Other minor gameplay alterations include the ability to automatically sort your inventory and a handy note on your spells indicating their level. These updates, however, are all included in the recent patch and more useful alterations such as the ability to target creatures behind foliage and an AI update would have been welcome. The AI in particular still has annoying problems with your troops often valiantly charging into battle before you give an order and in the other extreme standing around idly while nearby units are being slaughtered.

Graphically the original Spellforce was ahead of its time and so the lack of a visual update here is not so disappointing. There are a few new tile sets included though, most notably the swamp and snow ones, which offer a pleasant change. With the name “Breath of Winter” one might be worried that almost all of the action takes place in bland snowy scenarios but I can happily say that this is not the case and the environments are as diverse as ever.

Music-wise Breath of Winter surpasses even the first game, which had a great soundtrack of its own, with well timed classical pieces complementing the action. With the tired music often accompanying strategy games nowadays you’ll often find yourself consciously stopping to notice just how good the music is as it walks all over many scores in so called bigger games. It’s a shame the same can’t be said about the voice acting, which at times is laughable. I know this is a translation of a German game but surely they should have dedicated more of the budget to this area.

One strange alteration in the expansion is that now the fog of war darkens completely again, as it was before exploration, if you do not visit for a while. You have to wonder if this was an intended gameplay modification or just an attempt to make the game run slightly smoother, especially as upon reloading a saved game you find that near the entire map is blacked out again despite this not being the case at saving.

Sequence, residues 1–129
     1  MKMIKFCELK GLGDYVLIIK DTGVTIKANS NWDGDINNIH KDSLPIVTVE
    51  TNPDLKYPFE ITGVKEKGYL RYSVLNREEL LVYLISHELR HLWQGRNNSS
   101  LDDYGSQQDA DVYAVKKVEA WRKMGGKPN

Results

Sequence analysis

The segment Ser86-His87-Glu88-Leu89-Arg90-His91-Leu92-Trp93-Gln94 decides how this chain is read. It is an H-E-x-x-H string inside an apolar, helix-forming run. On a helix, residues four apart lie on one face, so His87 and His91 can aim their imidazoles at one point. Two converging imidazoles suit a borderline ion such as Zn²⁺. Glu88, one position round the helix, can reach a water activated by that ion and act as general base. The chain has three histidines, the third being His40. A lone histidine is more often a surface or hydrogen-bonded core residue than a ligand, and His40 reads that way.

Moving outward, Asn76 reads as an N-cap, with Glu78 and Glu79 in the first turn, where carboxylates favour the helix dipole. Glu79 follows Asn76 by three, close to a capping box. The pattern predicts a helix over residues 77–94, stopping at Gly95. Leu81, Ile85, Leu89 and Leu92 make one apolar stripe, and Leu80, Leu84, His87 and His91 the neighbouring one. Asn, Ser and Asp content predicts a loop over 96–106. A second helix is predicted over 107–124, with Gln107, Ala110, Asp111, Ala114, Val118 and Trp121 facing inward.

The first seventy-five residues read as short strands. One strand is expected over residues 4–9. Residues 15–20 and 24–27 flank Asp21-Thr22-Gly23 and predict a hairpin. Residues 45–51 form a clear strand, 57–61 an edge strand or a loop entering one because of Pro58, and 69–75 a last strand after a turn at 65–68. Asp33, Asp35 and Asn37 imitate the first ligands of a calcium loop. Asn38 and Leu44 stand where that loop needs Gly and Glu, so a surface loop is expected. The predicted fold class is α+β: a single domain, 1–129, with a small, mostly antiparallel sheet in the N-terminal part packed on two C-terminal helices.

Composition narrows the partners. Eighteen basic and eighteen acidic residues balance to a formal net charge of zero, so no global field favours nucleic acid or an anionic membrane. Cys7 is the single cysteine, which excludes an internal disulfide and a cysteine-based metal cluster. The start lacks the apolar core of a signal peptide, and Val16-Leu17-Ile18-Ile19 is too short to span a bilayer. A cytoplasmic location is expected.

I could write on for ages about opportunities the developers had for improving, such as making better use of the day/night cycle or, maybe, giving a bit more personality to the NPC’s, but I fear I heard you yawn, dear reader and so, shall let the given testament that nothing much has changed stand.

Spellforce was something of an overlooked classic and Breath of Winter offers you more of the same but unfortunately no more to tempt you to part with your cash. If you didn’t have enough first-time round then this is a highly recommended buy. However if you sucked every drop of enjoyment out of the last one, then you should perhaps think of passing this one by, as it’s only an average expansion to a great game.

Review Score: 7.4/10

Please note, this review was scored using our old system. For more information please see our review policy.